Conclusion. Selective is properly subject to personal jurisdiction in Massachusetts. Accordingly, we reverse the judgment of dismissal and remand to the Superior Court for further proceedings consistent with this opinion.
GRAINGER, J. (dissenting). This defendant presents all the characteristics of an archetypal passive purchaser, and none to the contrary. In my view the judge was correct in his determination that we cannot properly assert personal jurisdiction over the defendant in Massachusetts.
Factual background. A buyer in New York (Selective) entered into an agreement with a seller incorporated in Nevada (Diamond) whose principal (Jeffrey Parker) worked and resided in Massachusetts to have perfume, located in a warehouse in New Jersey, delivered within New Jersey and to New York. Of the States connected, however tangentially, to this commercial arrangement, two can easily be determined to have personal jurisdiction over the defendant: (1) New York, where the defendant was located and accepted shipments, and (2) New Jersey, where the goods were stored and the defendant also accepted shipments. Massachusetts, by contrast, the State in which the seller chose to reside and conduct a long-distance brokerage business, was irrelevant to any of the business activity at issue. On this record I cannot conclude that the defendant transacted business here, much less that it “purposefully avail[ed]” itself of the “benefits and protections” of Massachusetts law. Tatro v. Manor Care, Inc., 416 Mass. 763, 772 (1994).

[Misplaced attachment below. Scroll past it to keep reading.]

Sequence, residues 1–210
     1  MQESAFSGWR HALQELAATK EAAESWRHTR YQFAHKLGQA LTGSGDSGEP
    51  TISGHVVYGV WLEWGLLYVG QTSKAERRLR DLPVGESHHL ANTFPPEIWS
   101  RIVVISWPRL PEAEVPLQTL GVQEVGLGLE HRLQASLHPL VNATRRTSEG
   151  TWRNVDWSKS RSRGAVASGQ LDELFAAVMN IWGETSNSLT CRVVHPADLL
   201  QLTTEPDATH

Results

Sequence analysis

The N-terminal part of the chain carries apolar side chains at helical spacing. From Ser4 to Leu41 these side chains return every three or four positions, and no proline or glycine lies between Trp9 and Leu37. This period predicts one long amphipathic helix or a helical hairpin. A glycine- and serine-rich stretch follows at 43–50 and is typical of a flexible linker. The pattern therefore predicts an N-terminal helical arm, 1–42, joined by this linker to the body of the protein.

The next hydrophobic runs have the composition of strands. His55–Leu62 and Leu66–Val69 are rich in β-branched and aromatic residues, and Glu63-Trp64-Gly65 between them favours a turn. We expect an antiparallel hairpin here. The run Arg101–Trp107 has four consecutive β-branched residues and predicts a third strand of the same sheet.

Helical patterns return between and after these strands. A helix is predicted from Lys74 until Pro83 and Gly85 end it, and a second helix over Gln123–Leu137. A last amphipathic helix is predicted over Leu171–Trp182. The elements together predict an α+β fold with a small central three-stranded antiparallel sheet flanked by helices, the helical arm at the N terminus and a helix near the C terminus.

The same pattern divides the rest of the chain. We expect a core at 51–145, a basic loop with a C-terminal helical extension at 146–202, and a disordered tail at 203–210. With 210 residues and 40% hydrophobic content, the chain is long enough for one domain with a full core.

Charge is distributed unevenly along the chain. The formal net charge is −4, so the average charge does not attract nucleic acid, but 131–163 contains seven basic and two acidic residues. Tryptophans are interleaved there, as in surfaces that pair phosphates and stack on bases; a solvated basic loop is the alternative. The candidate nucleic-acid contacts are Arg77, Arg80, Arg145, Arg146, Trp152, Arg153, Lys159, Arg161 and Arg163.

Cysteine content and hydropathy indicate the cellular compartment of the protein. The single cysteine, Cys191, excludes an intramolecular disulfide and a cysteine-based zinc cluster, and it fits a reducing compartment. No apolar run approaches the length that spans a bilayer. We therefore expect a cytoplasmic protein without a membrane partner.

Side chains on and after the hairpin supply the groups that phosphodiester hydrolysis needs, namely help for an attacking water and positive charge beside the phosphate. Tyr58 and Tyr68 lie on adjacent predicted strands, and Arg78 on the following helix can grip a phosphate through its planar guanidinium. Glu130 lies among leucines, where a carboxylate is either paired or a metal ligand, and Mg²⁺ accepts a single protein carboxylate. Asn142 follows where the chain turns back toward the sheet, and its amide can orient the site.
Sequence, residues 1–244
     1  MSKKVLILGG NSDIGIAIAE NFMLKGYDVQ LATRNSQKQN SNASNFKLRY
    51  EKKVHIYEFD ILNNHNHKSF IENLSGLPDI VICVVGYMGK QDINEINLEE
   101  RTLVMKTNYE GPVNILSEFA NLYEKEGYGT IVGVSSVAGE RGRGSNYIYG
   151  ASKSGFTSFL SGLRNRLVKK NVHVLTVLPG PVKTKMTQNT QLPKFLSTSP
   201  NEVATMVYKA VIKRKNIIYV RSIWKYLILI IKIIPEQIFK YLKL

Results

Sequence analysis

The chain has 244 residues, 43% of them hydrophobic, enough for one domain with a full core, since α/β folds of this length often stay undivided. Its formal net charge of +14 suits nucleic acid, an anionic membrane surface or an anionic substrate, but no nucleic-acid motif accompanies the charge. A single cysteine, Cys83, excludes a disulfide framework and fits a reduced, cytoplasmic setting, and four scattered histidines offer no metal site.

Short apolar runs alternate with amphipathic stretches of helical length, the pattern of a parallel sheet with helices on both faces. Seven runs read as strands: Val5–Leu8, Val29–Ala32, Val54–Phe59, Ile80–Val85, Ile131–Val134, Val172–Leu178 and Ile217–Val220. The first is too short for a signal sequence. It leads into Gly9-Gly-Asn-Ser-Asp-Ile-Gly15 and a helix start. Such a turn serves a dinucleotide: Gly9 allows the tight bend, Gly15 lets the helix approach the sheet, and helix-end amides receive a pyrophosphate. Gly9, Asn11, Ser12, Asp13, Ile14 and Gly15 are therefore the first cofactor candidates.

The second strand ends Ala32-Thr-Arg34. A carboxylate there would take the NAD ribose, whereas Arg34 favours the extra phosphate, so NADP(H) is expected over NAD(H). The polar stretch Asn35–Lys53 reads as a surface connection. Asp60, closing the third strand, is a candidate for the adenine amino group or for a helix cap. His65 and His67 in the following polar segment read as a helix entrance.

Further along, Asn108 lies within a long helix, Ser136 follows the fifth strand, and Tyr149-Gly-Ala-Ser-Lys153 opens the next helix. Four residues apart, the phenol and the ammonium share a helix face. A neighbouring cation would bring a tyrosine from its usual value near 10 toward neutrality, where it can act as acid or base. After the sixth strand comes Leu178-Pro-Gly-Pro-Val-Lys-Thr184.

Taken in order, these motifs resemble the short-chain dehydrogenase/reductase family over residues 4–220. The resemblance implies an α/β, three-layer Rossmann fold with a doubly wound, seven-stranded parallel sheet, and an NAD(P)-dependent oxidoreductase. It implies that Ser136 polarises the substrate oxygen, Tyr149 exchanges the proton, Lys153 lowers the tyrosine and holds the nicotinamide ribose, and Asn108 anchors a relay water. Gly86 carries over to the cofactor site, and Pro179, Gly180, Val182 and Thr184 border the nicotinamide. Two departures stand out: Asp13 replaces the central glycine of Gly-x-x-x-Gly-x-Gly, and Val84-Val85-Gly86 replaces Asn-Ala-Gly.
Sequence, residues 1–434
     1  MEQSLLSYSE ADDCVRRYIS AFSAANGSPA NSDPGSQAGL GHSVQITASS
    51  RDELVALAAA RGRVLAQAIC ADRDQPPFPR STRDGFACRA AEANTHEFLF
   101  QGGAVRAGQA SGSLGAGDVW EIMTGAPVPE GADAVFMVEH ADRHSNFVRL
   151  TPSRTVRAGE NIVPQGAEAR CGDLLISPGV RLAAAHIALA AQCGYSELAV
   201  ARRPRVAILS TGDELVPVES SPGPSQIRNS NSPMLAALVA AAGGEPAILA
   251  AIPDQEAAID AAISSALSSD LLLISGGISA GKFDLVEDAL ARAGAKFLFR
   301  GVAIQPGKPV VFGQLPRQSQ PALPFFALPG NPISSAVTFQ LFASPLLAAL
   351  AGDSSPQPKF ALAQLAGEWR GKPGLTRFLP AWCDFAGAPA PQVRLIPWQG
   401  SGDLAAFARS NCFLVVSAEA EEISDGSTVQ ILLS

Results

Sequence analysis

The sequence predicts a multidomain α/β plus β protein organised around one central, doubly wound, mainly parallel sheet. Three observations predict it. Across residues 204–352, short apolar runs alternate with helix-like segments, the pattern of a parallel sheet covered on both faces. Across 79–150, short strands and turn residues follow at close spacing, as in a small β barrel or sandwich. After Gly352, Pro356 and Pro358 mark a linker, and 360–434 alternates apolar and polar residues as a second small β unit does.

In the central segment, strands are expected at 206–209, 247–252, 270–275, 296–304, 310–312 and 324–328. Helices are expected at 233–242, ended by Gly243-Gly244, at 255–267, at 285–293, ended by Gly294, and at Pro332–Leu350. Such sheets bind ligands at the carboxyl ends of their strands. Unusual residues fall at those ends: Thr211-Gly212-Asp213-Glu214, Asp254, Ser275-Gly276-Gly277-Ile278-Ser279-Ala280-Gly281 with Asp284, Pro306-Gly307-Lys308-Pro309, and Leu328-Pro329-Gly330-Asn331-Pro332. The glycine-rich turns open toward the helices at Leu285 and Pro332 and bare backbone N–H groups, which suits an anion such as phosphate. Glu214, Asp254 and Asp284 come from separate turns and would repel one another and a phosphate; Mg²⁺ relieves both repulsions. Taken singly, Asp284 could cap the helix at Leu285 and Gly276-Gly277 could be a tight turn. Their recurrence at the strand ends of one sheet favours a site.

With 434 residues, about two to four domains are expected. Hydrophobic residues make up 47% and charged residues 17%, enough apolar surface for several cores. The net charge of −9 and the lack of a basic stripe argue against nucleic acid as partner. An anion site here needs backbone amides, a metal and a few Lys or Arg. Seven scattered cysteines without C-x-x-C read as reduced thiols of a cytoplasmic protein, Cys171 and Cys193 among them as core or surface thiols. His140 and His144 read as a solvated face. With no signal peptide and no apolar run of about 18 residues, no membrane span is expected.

Our consideration should begin with the fact that no goods transferred between the parties ever entered the Commonwealth pursuant to any dealings between them. The plaintiff’s attempts to trace some of the perfumes through interstate commerce to eventual retail destinations at a later date only emphasizes that fact.1
The parties made a straightforward agreement for the delivery of products to the defendant’s places of business. The agreement was neither negotiated in Massachusetts nor subjected to any change or renegotiation after formation, here or elsewhere. The plaintiff does not dispute that the parties’ only contact in Massachusetts was on a social basis between the principals, Diamond’s chief executive officer, Parker, and Selective’s president, Dennis J. Schnur, on one or two occasions, and not until some five or six years after their commercial relationship was established.2
It is worth repeating the judge’s findings, already set forth in the majority opinion, as they have full support in the record:
“In the present action as established by the affidavit of Dennis Sch[n]ur . . ., the defendant, Selective, does no business in Massachusetts, maintains its only office in Jericho, New York, has no office, business location or representative in Massachusetts, and has a total of two employees, none of whom lives or works in Massachusetts. In addition, Selective does not own, lease, or utilize any real property in Massachusetts, has no bank accounts in Massachusetts, does not maintain any business or corporate records in Massachusetts, pays no taxes in this state, and is not registered to do business in Massachusetts. Further, Selective has not availed itself of the Massachusetts courts in any way, and all services provided by Selective are performed in the State of New York. While Selective does purchase products from companies outside of New York, including products from the plaintiff through its Massachusetts office, those products are delivered by those companies, like the plaintiff, to Selective, outside of Massachusetts. Indeed, the invoices in this case note that the products in question are delivered to Jericho, New York.”